However, since 2007 there has been a fall in the proportion of children with a TV in their bedroom – decreasing from 52% to 43% for 5-7s, from 69% to 58% for 8-11s and from 81% to 73% for 12-15s.
The majority of parents are happy with the level of regulation on TV, with three-quarters of parents (77%) agreeing that there is about the right amount.
3-4 year olds
For the first time, Ofcom has researched the media habits of 3-4 year olds. This indicates that many in this age group are using a range of different media devices, including over a third (37%) who are going online using a desktop PC, laptop or netbook. This is possibly to do activities such as look at a website, watch a TV programme or play games online.
One in ten (9%) 3-4 year olds use a tablet at home, according to their parents. The research also suggests that this age group spends an estimated 15.5 hours watching TV every week and one third (33%) has a TV in their bedroom.
Children are keen users of social networks. Forty-three per cent of 5-15s with access to internet at home have a social networking profile, rising to 80% of 12-15s. Those aged 8-11 have an average of 92 friends and children aged 12-15 say they have, on average, 286 friends.
Children express high levels of confidence online with 83% of 8-11 year olds and 93% of 12-15s saying that they are confident that they know how to stay safe online. However, children aged 8-11 estimate that they have not met around one in eight (12%) of their social network friends in person (an average of 11 people per child) while 12-15s say they have not met around one in four (25%) – an average of 72 people per child.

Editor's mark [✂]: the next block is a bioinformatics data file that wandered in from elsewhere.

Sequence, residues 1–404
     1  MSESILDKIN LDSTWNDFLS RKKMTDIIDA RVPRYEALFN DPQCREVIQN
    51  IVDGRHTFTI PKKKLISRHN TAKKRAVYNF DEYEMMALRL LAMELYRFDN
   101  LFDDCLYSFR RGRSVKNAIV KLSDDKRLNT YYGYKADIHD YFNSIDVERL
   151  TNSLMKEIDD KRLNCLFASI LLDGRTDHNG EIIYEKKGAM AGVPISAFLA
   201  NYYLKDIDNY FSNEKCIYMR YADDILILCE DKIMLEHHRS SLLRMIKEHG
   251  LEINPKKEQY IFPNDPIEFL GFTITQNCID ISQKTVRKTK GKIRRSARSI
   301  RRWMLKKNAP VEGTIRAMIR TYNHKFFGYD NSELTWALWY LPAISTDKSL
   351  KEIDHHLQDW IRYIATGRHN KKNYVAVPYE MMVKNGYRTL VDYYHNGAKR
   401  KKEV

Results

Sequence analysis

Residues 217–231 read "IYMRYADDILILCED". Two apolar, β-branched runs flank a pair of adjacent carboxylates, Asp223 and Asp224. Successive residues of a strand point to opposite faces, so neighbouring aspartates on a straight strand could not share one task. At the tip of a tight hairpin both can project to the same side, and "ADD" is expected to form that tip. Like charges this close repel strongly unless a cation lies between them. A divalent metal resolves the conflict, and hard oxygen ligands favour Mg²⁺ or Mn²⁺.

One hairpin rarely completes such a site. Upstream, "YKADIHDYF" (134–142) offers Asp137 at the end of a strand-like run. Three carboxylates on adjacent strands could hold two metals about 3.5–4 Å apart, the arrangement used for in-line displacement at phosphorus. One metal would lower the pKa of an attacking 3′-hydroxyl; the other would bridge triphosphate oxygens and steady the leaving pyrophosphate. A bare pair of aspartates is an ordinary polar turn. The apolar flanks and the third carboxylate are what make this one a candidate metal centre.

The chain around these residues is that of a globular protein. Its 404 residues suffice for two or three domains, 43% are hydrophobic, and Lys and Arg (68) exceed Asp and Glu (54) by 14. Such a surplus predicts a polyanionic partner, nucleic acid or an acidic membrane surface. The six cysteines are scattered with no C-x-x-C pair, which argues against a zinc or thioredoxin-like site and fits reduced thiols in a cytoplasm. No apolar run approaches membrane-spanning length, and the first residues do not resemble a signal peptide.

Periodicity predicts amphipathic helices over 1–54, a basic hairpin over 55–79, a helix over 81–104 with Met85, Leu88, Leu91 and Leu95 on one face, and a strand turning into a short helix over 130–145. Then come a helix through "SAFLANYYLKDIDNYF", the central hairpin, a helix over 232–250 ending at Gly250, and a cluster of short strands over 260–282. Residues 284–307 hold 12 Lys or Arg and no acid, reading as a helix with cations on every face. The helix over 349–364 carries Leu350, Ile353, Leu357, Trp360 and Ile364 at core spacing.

Keeping children safe
Although parents’ concerns about content online and on TV are decreasing, the vast majority of parents (97%) believe that they have some responsibility to ensure children do not see unsuitable TV content.
Most parents are taking some sort of action to protect their children from inappropriate material. Four fifths (79%) of parents of 5-15 year olds who go online at home say they have rules in place about their children’s internet usage – such as checking what their child is doing online or setting time limits. Half of parents of 5-15s have parental controls installed on their TV; 46% of parents of 5-15s who go online at home have online controls installed on computers at home; and 31% of parents of 12-15s with a phone that can be used to go online have mobile phone âfilters’ in place.
One in ten (10%) parents say they do not have parental controls installed on computers either because they don’t know how to do this, or are not aware that it is possible, rising to 21%-25% for fixed/mobile games consoles and 35% for mobile phones. The most frequent reason given by parents of younger children for not having technical controls on computers is that their child is always supervised (63% for both 5-7s and 8-11s), while for children aged 12-15 it is because they trust their child (67%).
Text taken from Ofcom’s Press release. Please access original material here